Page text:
Presence of SARS-CoV-2 antibodies 2.86-fold more likely in those with loss of smell versus loss of taste
MONDAY, Oct. 5, 2020 (HealthDay News) — Loss of smell is prevalent among individuals with severe acute respiratory syndrome coronavirus 2 (SARS-CoV-2) antibodies, according to a study published online Oct. 1 in PLOS Medicine.
Janine Makaronidis, M.B.Ch.B., from the University College London Centre for Obesity Research, and colleagues examined the seroprevalence of SARS-CoV-2 antibodies in a population with acute loss of smell and/or taste. People with loss of smell and/or taste in the preceding month were invited to participate; 590 participants were enrolled and responded to questions about loss of smell and taste and other COVID-19-related symptoms.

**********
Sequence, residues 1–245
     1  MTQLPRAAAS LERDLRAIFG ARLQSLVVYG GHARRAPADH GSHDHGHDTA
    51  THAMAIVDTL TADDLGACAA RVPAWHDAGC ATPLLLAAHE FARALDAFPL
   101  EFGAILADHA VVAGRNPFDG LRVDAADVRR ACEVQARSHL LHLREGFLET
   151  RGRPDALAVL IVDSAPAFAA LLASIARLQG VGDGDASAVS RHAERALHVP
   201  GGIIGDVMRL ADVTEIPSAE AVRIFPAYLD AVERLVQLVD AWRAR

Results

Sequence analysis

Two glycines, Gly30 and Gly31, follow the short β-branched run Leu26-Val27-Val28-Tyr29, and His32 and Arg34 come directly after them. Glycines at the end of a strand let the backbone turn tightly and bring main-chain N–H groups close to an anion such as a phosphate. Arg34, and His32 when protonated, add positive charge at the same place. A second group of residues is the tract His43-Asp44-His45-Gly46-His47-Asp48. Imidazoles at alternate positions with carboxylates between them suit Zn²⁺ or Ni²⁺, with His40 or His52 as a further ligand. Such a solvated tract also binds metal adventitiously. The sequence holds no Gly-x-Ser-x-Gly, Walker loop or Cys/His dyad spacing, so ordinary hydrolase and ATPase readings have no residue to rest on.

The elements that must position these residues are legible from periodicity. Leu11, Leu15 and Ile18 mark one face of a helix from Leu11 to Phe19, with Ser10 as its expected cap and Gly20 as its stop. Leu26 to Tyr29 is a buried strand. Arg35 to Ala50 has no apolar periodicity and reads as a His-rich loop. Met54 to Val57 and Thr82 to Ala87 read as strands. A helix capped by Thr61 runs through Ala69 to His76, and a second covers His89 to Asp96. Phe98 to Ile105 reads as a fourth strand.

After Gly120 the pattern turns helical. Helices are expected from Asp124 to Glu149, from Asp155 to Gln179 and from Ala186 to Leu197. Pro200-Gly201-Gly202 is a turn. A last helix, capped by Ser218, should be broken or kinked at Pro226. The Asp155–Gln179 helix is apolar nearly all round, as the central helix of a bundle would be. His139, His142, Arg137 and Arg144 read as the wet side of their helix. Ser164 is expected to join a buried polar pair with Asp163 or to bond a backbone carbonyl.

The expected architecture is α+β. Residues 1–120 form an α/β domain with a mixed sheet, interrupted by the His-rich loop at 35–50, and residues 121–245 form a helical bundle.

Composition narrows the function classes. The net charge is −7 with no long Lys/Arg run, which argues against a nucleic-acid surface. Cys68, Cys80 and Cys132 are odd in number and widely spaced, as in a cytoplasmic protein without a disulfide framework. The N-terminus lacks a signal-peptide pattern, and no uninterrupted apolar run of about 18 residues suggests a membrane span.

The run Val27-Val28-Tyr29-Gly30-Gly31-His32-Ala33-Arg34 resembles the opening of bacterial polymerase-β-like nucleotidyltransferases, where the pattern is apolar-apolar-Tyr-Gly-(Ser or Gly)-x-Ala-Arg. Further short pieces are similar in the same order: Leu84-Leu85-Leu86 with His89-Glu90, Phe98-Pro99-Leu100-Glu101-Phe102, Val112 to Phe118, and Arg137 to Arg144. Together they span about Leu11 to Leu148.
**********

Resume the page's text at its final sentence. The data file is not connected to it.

The researchers found that 77.6 percent of participants with acute smell and/or taste loss had antibodies to SARS-CoV-2; 39.8 percent of these participants had neither cough nor fever. New loss of smell was more prevalent in those with versus without SARS-CoV-2 antibodies (93.4 versus 78.7 percent), whereas taste loss was equally prevalent (90.2 versus 89.0 percent). Compared with those with taste loss, those with smell loss were more likely to have seropositivity for SARS-CoV-2 (odds ratio, 2.86).
“Acute loss of sense of smell needs to be considered globally as a criterion for self-isolation, testing, and contact tracing in order to contain the spread of COVID-19,” the authors write.
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